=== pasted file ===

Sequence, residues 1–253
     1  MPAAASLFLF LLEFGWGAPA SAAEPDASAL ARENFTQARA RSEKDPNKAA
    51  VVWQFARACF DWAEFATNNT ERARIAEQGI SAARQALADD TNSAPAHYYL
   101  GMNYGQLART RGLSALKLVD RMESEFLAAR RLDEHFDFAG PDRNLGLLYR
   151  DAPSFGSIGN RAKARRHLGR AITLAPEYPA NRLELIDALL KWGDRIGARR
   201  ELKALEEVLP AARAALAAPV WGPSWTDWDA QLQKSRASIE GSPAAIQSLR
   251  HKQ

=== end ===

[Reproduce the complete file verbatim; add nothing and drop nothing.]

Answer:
Sequence, residues 1–253
     1  MPAAASLFLF LLEFGWGAPA SAAEPDASAL ARENFTQARA RSEKDPNKAA
    51  VVWQFARACF DWAEFATNNT ERARIAEQGI SAARQALADD TNSAPAHYYL
   101  GMNYGQLART RGLSALKLVD RMESEFLAAR RLDEHFDFAG PDRNLGLLYR
   151  DAPSFGSIGN RAKARRHLGR AITLAPEYPA NRLELIDALL KWGDRIGARR
   201  ELKALEEVLP AARAALAAPV WGPSWTDWDA QLQKSRASIE GSPAAIQSLR
   251  HKQ